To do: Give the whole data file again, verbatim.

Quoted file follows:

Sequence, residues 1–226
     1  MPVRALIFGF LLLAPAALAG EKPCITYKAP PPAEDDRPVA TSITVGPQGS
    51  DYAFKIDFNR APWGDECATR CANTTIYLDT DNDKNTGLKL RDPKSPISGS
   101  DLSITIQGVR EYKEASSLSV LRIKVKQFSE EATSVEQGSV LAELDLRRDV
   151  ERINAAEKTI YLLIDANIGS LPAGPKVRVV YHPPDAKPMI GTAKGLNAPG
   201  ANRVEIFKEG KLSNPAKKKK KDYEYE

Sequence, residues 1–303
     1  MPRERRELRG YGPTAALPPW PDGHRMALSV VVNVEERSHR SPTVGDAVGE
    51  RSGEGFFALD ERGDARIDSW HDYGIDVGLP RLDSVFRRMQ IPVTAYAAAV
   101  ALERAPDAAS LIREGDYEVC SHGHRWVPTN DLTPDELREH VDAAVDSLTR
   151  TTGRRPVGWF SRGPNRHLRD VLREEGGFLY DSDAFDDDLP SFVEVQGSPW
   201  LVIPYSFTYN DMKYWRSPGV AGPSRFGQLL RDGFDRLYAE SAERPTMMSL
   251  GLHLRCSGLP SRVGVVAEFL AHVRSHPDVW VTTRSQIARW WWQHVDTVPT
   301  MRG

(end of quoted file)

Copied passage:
Sequence, residues 1–226
     1  MPVRALIFGF LLLAPAALAG EKPCITYKAP PPAEDDRPVA TSITVGPQGS
    51  DYAFKIDFNR APWGDECATR CANTTIYLDT DNDKNTGLKL RDPKSPISGS
   101  DLSITIQGVR EYKEASSLSV LRIKVKQFSE EATSVEQGSV LAELDLRRDV
   151  ERINAAEKTI YLLIDANIGS LPAGPKVRVV YHPPDAKPMI GTAKGLNAPG
   201  ANRVEIFKEG KLSNPAKKKK KDYEYE

Sequence, residues 1–303
     1  MPRERRELRG YGPTAALPPW PDGHRMALSV VVNVEERSHR SPTVGDAVGE
    51  RSGEGFFALD ERGDARIDSW HDYGIDVGLP RLDSVFRRMQ IPVTAYAAAV
   101  ALERAPDAAS LIREGDYEVC SHGHRWVPTN DLTPDELREH VDAAVDSLTR
   151  TTGRRPVGWF SRGPNRHLRD VLREEGGFLY DSDAFDDDLP SFVEVQGSPW
   201  LVIPYSFTYN DMKYWRSPGV AGPSRFGQLL RDGFDRLYAE SAERPTMMSL
   251  GLHLRCSGLP SRVGVVAEFL AHVRSHPDVW VTTRSQIARW WWQHVDTVPT
   301  MRG